– – – – – – – – – –

The Reconsideration: This is a fascinating category to go back and analyze.

Let’s start by saying, as great as Eleanor Parker is in Caged (and she is great), she stands zero chance here. Shame, but that’s what it is.

Now, onto the double nomination…

Anne Baxter would have won Best Supporting Actress if she went there, and there’s a case to be made that she should have been in that category anyway. But she’s not. And because of that, you have a vote split problem, one that probably ended up hurting them both when actual voting happened. I prefer Baxter’s performance, even though Davis’ is the more iconic of the two. I’m curious if they’d have actually taken her if she were the only one from the film in this category, since I feel like at this point they were just barely tolerating her and thought she was all finished as an actress and were ready to discard her. But that’s neither here nor there. I take Baxter over Davis, and that’s how I feel there.

Now, there are the other two…

Gloria Swanson delivers the single most iconic performance in the category and one of the most iconic performances of all time. And that’s enough to make most people take her automatically and say she got robbed of the Oscar. And in 1950, that’s seemingly how it was looked at. She comes back from obscurity to deliver this tour de force that everyone loves, but then she loses the Oscar. (Kinda feels a bit like Mickey Rourke for The Wrestler losing to Sean Penn.)

Most people will say the Judy Holliday win is a joke, but if you watch her performance, she not only holds her own, but would actually make a great winner who wouldn’t be questioned in most other years. It’s just this one that makes everyone jump all over it.

And I’m gonna be perfectly honest — I’ve seen Sunset Boulevard a dozen times over the years. I know that performance well. And I know how I feel about the All About Eve performances. Having seen Judy Holliday again recently, I take her. I understand the win, and I support it. I think Gloria Swanson also would have been a wonderful winner, but maybe I’m just a sucker. I think Judy Holliday delivers the goods, and she was my favorite performance in the category. So she’s my vote.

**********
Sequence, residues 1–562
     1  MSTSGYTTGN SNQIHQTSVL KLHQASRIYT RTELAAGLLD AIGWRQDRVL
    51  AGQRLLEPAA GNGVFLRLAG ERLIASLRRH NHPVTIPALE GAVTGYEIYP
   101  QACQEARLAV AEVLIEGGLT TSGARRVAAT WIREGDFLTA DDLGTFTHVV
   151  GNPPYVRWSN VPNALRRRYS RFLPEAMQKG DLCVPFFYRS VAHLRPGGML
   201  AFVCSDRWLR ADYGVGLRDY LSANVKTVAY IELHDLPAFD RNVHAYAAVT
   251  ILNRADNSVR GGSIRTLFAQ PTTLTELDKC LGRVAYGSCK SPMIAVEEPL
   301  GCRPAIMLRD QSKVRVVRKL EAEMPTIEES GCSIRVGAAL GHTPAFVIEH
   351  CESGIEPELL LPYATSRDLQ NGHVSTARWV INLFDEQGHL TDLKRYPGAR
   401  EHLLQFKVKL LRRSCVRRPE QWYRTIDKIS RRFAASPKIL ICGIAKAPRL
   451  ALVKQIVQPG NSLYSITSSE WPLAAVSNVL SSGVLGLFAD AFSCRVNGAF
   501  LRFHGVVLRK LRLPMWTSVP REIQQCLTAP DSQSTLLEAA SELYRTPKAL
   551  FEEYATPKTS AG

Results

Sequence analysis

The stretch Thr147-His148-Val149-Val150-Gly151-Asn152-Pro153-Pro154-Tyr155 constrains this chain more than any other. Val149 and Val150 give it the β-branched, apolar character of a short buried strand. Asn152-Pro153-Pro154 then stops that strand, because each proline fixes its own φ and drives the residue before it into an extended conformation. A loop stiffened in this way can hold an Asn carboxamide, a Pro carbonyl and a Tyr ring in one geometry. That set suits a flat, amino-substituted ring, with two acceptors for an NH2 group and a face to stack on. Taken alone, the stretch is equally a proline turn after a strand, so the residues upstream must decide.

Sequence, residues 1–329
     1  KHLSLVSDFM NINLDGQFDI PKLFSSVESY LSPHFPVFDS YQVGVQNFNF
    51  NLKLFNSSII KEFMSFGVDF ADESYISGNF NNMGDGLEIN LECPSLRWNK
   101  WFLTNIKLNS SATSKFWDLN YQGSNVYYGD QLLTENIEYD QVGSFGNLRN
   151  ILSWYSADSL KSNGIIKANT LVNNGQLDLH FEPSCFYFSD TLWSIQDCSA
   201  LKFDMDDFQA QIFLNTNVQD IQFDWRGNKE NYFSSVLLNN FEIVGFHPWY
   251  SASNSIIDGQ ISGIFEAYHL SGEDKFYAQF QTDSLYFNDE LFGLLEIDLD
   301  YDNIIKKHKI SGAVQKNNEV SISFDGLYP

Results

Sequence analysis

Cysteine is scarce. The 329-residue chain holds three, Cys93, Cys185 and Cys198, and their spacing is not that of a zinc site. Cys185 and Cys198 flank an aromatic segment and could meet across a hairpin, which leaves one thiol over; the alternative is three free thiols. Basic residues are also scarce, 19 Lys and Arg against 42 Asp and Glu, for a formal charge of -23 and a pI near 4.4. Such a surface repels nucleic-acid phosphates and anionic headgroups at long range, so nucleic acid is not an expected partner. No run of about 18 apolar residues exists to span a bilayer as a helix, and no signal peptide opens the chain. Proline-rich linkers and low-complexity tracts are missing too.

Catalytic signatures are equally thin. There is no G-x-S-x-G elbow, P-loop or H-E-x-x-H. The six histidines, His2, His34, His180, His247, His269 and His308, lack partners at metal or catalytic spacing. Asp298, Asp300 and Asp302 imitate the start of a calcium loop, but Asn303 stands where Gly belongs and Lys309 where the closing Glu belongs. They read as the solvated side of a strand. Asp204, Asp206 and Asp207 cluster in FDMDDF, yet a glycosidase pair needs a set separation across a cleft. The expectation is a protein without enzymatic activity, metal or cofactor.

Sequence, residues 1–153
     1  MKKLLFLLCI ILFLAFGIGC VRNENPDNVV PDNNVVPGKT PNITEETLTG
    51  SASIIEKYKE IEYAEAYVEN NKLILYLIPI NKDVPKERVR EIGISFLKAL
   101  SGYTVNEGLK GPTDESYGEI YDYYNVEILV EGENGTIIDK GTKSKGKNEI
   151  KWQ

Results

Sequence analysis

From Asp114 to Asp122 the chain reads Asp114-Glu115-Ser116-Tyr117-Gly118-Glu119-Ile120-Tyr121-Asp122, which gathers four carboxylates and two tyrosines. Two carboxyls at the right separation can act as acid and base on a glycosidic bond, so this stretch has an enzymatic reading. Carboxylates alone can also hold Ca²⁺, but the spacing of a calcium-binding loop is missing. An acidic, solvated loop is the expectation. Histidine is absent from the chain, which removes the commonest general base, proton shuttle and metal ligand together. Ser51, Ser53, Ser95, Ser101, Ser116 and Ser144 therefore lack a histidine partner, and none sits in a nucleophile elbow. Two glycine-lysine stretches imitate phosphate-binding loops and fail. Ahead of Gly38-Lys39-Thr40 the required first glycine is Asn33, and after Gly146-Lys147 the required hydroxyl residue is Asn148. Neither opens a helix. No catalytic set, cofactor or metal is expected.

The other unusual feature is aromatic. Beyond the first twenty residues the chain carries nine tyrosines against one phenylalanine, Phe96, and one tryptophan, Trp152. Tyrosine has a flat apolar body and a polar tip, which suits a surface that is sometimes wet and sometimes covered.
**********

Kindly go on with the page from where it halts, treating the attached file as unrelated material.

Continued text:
– – – – – – – – – –

Rankings (category):

  1. Judy Holliday, Born Yesterday
  2. Gloria Swanson, Sunset Boulevard
  3. Anne Baxter, All About Eve
  4. Bette Davis, All About Eve
  5. Eleanor Parker, Caged

Rankings (films):

  1. All About Eve
  2. Sunset Boulevard
  3. Born Yesterday
  4. Caged

My Vote: Judy Holliday, Born Yesterday

Recommendations:

All About Eve and Sunset Boulevard are two of the 50 most essential movies ever made. Must be seen by all film buffs. Full stop. No discussion.

Born Yesterday is essential for Oscar buffs, very highly recommended for all film buffs, and should be seen because it’s so well made and so entertaining. No reason not to see this.

Caged is an amazing film that I recommend highly. It’s one of the great hidden gems of the 50s and a film that I think everyone ought to see. Trust me on this one. You’ll like it. It’s great.

The Last Word: Holliday is a good winner and, despite how it looks, holds up. They did fine. Gloria Swanson would have held up just as well, and probably better on paper given the iconic nature of the role. Bette Davis also would have held up just fine if she had won too, given the film and the role. If Bette won Best Actress and Anne Baxter won Best Supporting Actress, nobody would have questioned it and it would have made sense. But, as is, with Judy Holliday winning, I think they did just fine. You need only watch the Holliday performance to see how good she is and how deserving she was.

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(Read more Oscar Quest articles.)

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2 responses

  1. *after reaching the end of the Best Actress 1950 portion of the article*
    …..
    DAMN…

    September 8, 2016 at 2:53 pm

  2. Nice article. Thanks for sharing with us…

    September 12, 2016 at 2:10 am